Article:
Unfortunately multi-threaded programming is probably one of the most complex programming topics. Thus it's really hard to explain in a forum in detail if you're completely unfamiliar with it. Of course as Scala is a general purpose language it's not only about concurrent programming for multi-core computers...
Just out of curiousity, have you really not heard the term "multi-core" before or did you think it was something different meant in this context?
Joined: May 17, 2006
have you really not heard the term "multi-core" before or did you think it was something different meant in this context?
I have heard and know multi-core in processor context. I didnt thought that is what the book refers
Writing correct multithreaded application on a single processor is already hard. With multiple processors and multiple cores, this only gets harder.
On one hand, we have the benefits of multithreading—highly responsive, scalable, performing applications can be developed with multiple threads.
On the other hand, we have to confront the perils of multithreading. The facilities in Java let the threads share mutable state. While this is quite convenient,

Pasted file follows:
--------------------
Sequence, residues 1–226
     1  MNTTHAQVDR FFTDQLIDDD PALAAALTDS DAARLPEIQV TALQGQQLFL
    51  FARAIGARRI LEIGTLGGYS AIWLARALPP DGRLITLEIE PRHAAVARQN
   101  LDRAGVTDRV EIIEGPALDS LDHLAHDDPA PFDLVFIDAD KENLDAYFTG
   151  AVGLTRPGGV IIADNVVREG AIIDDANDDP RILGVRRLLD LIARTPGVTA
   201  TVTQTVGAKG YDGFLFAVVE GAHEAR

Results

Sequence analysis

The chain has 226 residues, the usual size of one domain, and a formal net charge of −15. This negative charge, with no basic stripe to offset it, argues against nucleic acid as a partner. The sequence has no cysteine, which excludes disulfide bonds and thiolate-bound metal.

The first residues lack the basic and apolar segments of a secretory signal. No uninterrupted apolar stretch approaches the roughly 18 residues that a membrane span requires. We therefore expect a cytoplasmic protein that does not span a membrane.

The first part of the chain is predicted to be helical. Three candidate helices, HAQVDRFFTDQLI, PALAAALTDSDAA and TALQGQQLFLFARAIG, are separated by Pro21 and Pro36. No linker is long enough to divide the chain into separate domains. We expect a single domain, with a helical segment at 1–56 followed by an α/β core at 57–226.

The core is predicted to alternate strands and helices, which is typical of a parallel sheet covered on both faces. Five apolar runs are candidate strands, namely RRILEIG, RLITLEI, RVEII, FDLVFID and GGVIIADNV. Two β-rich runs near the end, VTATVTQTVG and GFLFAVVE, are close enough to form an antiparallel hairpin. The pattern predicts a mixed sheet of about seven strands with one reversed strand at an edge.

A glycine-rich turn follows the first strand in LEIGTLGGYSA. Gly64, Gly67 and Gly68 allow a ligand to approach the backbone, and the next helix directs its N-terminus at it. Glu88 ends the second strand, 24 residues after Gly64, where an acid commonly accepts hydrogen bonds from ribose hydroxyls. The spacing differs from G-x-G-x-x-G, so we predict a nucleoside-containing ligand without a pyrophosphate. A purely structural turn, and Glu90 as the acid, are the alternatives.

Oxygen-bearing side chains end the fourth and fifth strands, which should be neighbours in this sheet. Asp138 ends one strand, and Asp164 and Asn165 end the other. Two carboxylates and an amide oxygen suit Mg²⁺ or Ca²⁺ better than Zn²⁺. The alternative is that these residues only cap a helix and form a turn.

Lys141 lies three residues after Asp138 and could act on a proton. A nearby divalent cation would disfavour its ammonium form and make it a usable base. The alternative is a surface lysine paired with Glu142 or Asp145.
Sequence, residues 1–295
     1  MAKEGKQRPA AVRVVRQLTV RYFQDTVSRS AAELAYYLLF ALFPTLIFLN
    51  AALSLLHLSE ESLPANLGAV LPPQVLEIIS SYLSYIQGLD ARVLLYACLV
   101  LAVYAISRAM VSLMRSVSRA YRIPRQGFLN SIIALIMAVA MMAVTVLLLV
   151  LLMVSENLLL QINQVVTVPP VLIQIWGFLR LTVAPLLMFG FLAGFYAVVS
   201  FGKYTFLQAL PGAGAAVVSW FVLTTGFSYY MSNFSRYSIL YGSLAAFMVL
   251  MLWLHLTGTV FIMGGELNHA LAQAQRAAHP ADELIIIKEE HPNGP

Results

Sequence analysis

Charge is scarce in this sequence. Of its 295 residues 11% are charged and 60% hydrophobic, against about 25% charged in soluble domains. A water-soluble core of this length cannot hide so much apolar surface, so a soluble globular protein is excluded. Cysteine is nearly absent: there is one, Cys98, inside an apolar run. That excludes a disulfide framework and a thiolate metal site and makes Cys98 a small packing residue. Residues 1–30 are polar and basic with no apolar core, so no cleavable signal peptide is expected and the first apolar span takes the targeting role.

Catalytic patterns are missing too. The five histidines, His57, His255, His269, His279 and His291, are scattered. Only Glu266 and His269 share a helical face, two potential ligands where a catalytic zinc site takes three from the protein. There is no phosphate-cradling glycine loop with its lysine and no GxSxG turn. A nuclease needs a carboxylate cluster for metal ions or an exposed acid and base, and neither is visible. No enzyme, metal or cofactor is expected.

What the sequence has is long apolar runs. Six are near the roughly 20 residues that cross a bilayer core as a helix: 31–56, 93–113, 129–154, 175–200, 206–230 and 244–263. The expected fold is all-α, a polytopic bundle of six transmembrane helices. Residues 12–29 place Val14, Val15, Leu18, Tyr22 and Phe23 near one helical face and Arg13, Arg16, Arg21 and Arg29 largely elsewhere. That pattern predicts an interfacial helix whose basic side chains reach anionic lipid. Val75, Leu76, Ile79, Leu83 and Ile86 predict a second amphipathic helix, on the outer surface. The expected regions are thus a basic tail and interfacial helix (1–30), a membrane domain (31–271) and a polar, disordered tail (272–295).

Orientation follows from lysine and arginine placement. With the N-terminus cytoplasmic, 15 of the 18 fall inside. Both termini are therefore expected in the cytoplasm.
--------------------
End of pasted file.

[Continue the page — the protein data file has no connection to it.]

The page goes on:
it takes a lot of effort to ensure that no two threads end up compromising data integrity though race conditions.
You can't simply run the code and say it "works." It is not unusual to find issues with multithreaded code in "working" applications.
In addition to race conditions, we have to worry about issues that may arise from caching or optimizations. While these are done in good faith,
they do not allow your program to work as intended in a multithreaded situation.
If you have to deal with these at your application code level, much effort and code is spent on these details and that means you are not devoting
as much time, effort, and code for your application logic.
This is what I mean when I say multi-core complexity and Scala addresses this problem at the root. It encourages us to use immutable state and
allows threads to easily communicate using an actor based model.
after reading quite some stories here and from other sources and books about the advantages of Scala regarding multithreaded applications I still have the impression that the technical hurdles for creating clean concurrent code is only part of the solution, although a very important part. I guess, it's the way many or most develpers think about the problem which has to change. My experience is that a lot of people don't even understand the problem and a lot of others don't care about it. What's your opinion on this?
Joined: Jan 28, 2008
Marco, I am quite satisfied when there are reasonable solutions on hand for people who care
It's sad but true Maybe more of those so called developers start to think or are forced to think about the quality and correctness of their code if more problems arise when multi-core machines become even more widespread!